Another one (and not just any old one) bites the dust
Apologies for going on about my local brewery yet again, but I’ve been drinking Young’s for about 35 years now (ever since I left my native Hampshire and came to work in London as a very young man), so the news from Wandsworth last month came as a bit of a blow to say the least. Brewery closures are never good news but some hit harder than others. They say production is to be moved to Bedford and I have nothing against Charles Wells, but it just won’t be the same beer - it never is.
The official announcement contains some predictable management gobbledegook (“Young’s will continue to be a vertically integrated business”) and states “The merger ... creates a major new force in brewing... and sufficient scale to compete at a national level”. Is this necessarily a good thing? Remember the 60s and 70s when there were six major brewing companies, mostly churning out unmitigated rubbish (Whitbread Tankard, Watney’s Red, Younger’s Tartan, all thankfully long gone). At that time, Young’s acquired its loyal following by continuing to supply quality ale to the local market. Doubtless it was a similar story for Wells in Bedfordshire.
John Young is quoted as saying that the decision was taken “with some reluctance”. Those words, spoken with the stiff upper lip of a former officer, must be the understatement of the year, coming from a man who has devoted his life to the family business and now, well past normal retirement age, has to witness the dismantling of 400 years of history involving generations of his forbears. How he must wish he could stand down knowing that that heritage was safe in the capable hands of a nephew or grandson.
Doubtless his hand has been forced by others who have an interest in the business but little interest in beer – predatory investors, venture capitalists and the like, pusillanimous bean-counters who know the price of everything and the real value of nothing. Don’t they realise the primary function of a brewery is to make beer, not money? Beer, the “true and proper drink of Englishmen”, the nectar that has sustained this nation for centuries. What use is money if you can’t even buy a decent pint with it?
I get the impression that a significant factor in this decision has been the potential value of the land. Wandsworth Council talks of “opportunities for regeneration in the town centre”, meaning the site is to be redeveloped. Into what? Shops, flats and offices, apparently. It seems to me there are plenty of shops, flats and offices in Wandsworth already (including that ghastly blue and white thing). But there is only one ancient, working brewery. Young’s IS Wandsworth. Take away the brewery with its Victorian mill chimney, imposing gates and cobbled yard and the beautifully tiled brewery tap next door and there won’t be much of character left in the High Street *.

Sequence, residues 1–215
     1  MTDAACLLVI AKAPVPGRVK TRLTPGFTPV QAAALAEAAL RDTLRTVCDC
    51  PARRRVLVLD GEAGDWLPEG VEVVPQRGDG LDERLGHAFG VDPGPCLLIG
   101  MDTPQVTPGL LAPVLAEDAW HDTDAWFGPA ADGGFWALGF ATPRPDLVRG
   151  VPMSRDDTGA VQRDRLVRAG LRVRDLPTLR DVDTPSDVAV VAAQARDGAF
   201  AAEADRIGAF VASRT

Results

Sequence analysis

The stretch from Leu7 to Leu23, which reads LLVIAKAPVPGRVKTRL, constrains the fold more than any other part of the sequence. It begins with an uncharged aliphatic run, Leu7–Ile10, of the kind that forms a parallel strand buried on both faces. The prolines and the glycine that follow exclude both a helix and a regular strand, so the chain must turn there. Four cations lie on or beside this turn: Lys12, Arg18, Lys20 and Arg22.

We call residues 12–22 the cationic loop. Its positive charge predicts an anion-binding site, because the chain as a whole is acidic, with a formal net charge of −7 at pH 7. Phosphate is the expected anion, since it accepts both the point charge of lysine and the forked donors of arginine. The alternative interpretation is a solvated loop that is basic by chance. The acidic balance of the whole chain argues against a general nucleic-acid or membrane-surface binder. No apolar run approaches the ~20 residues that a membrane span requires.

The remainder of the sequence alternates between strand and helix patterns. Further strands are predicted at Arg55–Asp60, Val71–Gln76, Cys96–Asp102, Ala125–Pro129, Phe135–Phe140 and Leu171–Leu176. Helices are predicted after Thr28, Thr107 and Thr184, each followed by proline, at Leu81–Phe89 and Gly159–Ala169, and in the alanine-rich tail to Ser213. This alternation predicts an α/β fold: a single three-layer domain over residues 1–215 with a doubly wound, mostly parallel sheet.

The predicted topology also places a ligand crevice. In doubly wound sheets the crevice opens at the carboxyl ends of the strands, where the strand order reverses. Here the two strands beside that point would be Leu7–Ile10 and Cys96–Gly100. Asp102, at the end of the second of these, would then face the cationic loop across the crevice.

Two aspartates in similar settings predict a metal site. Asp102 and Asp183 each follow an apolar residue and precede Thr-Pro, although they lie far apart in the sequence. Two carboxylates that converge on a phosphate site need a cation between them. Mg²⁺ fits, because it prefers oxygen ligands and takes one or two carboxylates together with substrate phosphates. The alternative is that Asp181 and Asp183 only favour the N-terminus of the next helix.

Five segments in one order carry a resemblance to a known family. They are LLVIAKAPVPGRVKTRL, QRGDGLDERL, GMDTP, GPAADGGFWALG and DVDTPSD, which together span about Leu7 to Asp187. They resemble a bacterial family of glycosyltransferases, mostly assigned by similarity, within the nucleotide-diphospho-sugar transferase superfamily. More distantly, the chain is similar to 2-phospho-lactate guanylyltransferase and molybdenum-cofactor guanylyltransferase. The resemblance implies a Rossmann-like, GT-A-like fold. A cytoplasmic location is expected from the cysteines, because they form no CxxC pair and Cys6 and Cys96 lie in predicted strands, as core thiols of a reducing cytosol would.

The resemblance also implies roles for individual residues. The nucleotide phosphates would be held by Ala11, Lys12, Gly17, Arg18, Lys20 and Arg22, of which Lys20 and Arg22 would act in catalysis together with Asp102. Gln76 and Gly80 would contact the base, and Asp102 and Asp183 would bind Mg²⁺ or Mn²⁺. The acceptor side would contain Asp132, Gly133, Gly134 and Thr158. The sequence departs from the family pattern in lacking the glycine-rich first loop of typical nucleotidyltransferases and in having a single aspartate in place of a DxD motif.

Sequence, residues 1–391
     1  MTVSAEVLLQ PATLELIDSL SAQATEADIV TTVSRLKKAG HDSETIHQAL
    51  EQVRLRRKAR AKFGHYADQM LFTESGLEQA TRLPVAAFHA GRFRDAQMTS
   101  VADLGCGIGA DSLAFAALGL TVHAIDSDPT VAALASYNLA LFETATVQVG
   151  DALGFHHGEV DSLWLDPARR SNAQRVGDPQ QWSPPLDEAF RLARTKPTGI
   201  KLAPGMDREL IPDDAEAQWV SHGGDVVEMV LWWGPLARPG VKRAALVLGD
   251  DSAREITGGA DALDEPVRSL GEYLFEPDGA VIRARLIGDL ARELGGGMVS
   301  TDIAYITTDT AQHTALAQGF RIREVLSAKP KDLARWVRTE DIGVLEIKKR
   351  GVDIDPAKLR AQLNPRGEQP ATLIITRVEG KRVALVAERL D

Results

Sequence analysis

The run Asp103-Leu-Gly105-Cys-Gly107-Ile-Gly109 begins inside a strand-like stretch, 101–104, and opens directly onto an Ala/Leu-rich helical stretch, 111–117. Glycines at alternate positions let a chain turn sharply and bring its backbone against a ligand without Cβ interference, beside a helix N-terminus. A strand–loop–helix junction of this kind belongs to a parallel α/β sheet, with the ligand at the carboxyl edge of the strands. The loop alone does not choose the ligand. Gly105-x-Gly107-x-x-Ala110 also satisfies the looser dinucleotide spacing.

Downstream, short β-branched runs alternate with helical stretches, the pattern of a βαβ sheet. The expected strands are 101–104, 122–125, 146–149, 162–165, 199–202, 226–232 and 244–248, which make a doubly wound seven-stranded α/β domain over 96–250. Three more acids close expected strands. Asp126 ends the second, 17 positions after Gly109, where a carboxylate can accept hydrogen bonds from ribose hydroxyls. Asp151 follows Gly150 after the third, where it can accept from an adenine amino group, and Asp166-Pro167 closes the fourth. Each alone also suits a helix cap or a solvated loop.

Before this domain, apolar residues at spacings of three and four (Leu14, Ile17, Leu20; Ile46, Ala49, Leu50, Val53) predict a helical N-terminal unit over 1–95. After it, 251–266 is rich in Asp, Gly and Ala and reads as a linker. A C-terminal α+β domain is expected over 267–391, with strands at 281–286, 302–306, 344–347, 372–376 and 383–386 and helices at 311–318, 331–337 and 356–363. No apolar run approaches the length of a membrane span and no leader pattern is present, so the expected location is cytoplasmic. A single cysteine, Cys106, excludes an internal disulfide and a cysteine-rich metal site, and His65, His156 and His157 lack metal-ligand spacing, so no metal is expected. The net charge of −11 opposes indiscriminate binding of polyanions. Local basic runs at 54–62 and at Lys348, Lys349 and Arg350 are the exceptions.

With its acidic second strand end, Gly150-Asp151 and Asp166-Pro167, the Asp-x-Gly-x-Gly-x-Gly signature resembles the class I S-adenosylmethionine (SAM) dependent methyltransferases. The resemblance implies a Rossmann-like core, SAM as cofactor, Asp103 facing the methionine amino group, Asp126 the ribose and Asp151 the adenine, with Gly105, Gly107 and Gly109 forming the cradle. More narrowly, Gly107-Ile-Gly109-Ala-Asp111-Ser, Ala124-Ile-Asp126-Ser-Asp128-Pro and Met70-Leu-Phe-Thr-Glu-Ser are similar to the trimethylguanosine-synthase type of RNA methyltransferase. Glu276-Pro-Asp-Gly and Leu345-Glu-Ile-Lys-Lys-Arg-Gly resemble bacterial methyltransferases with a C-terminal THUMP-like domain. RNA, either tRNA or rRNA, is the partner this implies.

I don’t suppose the new shops and offices will be much consolation to the 100 workers who are about to lose their jobs. And what is to become of those splendid shire horses and the ram in his battered pen (I think there were some geese, too)? Young’s not only brews damn good beer and is steeped in history and tradition, it’s an old-fashioned business (in the best possible sense) that works on a human scale. Its loss is nothing short of a tragedy – for beer lovers and for the locality.
And now I’m going down to my local, the Hope, for a pint or three of “ordinary” while I still have the chance.
* Except of course All Saints church. At least half the towers in the Surrey Association Northern District retire to a Young’s pub after practice. The least Wandsworth Council could do by way of compensation is to put up the funding for the restoration of All Saints’ bells - preferably in time for us to ring a half-muffled peal when the brewery closes in October.
Reproduced by kind permission of The Ringing World.
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